By Marilyn Pribus –
Many people are coming to realize that expansive lawns and exotic gardens are expensive in terms of taking up big chunks of their free time. Then they must add the cost of higher water usage, pricey and environmentally unfriendly chemical fertilizers, pesticides and herbicides as well as care and fuel for lawn mowers, weed whackers, and leaf blowers.
Short of adopting a herd of goats, the answer lies in “beneficial landscaping,” or, planning a yard that is not only low maintenance but also kind to our environment.
Minimize Lawn Area
A very effective first step is to downsize your lawn. If you are landscaping from scratch, curtail the lawn area by developing vegetable, herb, and flower gardens to provide fresh blossoms for your table and the freshest food possible for your kitchen. If you already have a large yard, consider converting a section of existing lawn each year to groundcover or natural areas to save time and money down the road.
Attractive alternatives include the use of groundcovers, wooded glens, or rock gardens. If you already have a lawn, leave parts of it un-mown to grow naturally into a meadow where wildflowers will eventually appear.
In fact, studies show that maintaining a wildflower patch costs less than 10 percent of the same area of lawn so the slightly higher installation cost of soil preparation and buying flowers is quickly recovered.
To save time every spring, rely on plantings of perennials—shrubs and flowers that reappear year after year rather than having to be planted each new season. Popular examples are butterfly bushes, azaleas, rhododendrons, daffodils, lilies, bee balm, and black-eyed Susans.
Low-growing plants make nice ground cover, particularly varieties of thyme whose fragrant leaves can be used fresh or dried. The flowers are small, but the greenery is appealing.
Verbena comes in a number of shades and is also an excellent groundcover.
Pachysandra, which stays green all year, is another perennial favorite. While the blossoms are inconspicuous, once established, pachysandra is very hardy. You can easily start more plants by placing cuttings in water until they root, then planting in your yard. This is an excellent way to gradually reduce the size of your lawn.
Enlist native plants wherever possible because unlike non-native varieties, they generally require less maintenance because they can fend for themselves. Already adapted to our climate, they are usually perennials—that is, they bloom years after year. They are also less susceptible to pests and require less water and fertilizer than purchased annuals.
The local chapter of the Virginia Native Plant Society has a useful website at vnps.org/jefferson. The site offers an online newsletter with information about meetings, field trips, and guided hikes. Their popular annual Native Plant Sale will be on Sunday, April 29, at 1 p.m. at the barn in the Ivy Creek Natural Area.
Albemarle County’s official website offers a searchable listing of suggested plants at: albemarle.org/nativeplants. You can also search for native trees, ferns, grasses, vines, and shrubs at several other regional county websites.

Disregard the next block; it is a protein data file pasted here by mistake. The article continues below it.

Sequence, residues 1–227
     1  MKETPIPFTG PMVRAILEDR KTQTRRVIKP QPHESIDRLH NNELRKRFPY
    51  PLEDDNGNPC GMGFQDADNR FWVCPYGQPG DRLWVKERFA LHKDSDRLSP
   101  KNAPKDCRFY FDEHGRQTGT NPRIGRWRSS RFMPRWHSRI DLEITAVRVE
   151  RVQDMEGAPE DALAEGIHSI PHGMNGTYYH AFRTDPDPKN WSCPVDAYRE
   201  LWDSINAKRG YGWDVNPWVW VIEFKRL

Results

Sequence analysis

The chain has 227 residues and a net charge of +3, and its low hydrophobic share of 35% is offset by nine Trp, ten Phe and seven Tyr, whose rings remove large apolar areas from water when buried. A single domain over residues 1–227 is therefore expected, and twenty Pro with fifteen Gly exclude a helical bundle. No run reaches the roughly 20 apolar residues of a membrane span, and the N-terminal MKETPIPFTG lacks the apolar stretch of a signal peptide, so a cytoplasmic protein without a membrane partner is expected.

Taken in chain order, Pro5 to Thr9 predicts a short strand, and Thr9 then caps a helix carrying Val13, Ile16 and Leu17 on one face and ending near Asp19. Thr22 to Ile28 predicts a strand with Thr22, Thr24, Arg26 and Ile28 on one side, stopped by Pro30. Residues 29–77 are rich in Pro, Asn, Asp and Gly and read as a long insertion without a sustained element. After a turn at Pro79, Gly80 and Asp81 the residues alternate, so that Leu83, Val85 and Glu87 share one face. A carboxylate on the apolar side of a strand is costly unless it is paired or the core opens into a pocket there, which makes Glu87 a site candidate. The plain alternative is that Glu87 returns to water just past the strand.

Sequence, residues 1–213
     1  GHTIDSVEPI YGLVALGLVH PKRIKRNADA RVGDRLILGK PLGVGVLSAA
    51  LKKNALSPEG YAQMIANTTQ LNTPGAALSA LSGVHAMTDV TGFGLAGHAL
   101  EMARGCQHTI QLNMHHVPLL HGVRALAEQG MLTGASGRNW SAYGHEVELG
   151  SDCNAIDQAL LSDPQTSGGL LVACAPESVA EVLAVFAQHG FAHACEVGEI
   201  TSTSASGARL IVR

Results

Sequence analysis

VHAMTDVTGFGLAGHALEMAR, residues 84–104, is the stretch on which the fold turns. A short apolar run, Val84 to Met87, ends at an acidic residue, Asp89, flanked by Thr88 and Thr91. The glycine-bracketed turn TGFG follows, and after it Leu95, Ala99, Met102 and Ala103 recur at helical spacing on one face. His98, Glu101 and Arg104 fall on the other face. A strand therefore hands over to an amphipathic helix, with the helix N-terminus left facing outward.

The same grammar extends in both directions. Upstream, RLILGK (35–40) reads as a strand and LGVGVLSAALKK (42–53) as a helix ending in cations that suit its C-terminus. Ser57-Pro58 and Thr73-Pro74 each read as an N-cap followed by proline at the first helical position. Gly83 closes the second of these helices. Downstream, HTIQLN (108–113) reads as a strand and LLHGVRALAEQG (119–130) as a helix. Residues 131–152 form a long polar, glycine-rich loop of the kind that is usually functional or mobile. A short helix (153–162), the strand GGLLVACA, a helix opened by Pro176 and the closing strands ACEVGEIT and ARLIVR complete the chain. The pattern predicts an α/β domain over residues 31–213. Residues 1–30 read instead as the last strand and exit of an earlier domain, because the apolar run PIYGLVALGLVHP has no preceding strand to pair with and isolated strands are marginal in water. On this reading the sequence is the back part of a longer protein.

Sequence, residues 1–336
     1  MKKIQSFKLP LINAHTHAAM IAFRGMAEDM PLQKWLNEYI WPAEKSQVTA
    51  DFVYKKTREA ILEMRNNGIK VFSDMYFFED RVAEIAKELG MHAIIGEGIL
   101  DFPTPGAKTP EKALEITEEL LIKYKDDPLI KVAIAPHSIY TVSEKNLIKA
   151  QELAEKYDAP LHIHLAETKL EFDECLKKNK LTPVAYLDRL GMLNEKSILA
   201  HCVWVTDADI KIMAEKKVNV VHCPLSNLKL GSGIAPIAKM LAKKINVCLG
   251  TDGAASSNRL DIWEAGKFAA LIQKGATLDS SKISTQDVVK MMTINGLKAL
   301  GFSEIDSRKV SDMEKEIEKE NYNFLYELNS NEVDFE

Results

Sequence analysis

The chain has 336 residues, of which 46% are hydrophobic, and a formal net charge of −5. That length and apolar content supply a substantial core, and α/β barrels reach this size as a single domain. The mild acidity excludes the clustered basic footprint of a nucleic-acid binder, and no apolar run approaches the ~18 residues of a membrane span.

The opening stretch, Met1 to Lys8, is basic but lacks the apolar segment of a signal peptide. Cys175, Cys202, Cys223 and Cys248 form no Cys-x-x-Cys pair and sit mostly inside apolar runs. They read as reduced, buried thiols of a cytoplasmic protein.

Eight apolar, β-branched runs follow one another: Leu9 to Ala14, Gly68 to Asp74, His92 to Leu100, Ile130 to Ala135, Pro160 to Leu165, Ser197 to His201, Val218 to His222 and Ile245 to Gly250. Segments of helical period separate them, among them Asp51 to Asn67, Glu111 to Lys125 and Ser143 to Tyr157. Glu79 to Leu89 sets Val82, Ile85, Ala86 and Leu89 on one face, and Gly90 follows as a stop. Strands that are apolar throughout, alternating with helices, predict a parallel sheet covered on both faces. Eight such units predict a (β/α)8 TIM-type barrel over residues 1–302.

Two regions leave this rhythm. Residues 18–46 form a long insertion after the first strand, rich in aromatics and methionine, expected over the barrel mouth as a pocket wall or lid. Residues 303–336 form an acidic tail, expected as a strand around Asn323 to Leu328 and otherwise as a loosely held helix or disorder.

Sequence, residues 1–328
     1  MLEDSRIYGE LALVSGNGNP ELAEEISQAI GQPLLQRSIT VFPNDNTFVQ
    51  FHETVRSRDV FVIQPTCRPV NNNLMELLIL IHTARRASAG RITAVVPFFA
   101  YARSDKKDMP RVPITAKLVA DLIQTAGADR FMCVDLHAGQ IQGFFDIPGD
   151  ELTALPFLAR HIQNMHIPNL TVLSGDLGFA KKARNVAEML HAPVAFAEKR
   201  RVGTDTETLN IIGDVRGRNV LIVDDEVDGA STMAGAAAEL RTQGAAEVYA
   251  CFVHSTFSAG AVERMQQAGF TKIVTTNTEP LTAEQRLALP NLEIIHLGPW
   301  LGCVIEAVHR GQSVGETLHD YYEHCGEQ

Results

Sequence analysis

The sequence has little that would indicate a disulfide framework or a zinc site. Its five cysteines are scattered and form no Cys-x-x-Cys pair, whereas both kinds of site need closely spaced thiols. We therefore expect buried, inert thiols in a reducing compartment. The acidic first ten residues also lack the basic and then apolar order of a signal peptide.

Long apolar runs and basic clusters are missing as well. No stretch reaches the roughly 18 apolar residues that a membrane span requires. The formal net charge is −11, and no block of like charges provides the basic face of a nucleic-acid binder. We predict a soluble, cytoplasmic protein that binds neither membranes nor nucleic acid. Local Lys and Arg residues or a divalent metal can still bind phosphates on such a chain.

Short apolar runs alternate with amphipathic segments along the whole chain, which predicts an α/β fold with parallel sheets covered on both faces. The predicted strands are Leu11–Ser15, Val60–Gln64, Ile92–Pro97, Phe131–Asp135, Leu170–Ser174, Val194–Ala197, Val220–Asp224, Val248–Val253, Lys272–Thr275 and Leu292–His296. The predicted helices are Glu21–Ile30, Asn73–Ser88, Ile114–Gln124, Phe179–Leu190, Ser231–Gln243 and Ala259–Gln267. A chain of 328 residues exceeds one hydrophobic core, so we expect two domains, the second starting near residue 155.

Each listing shows ease of growing, ultimate size, resistance to deer and groundhogs, color of foliage and blossoms, blooming season, and other characteristics.
Using rocks, stone, or gravel is another good way to reduce maintenance. A strip of gravel or crushed rock can both widen a driveway and narrow a lawn. One family created a “dry creek bed” in an area that was virtually impossible to mow and was subject to runoff and erosion.
A rock garden is an enhancement to any yard, especially on a hard-to-manage slope. Create shallow terraces and plant with drought-tolerant native perennials. In a few years, interesting lichens will appear on the rocks, the plants will be well rooted, and no watering will be needed except in a severe drought.
A mowing strip around your gardens will speed any remaining mowing you need to do. It can be made of poured concrete, bricks, or pavers.
Water features are another excellent way to personalize a yard and reduce lawn area without substantially increasing maintenance.
Fountains with recirculating pumps and small ponds are charming. Birdbaths come in a wide range of styles from a simple basin on a pedestal to an elegant setup with a heater in winter and a water dripper in summer. (The sound of the splashing water attracts birds.)
Add a feeder or two and you’ll attract lots of pest-snacking birds to help patrol your gardens and save you time and money dealing with pesticides. If you live near a wooded area, bring in the feeders at night so you won’t attract raccoons or bears.
Marigolds, garlic, and horseradish are known to repel pests, so adding these to your gardens is another good idea.
Spreading mulch on your plantings saves both water and your time weeding. Mulch comes in several colors and a once-a-year refreshing keeps your gardens looking nice.
A little planning now can save hours and money while protecting your yard, your community, and your planet.
Marilyn Pribus and her husband live in Albemarle County near Charlottesville. While their property is more than an acre, their lawn area is about the size of two ping-pong tables plus a strip along the road for driver visibility around a curve. The rest of the yard is woods, groundcover or wild meadow.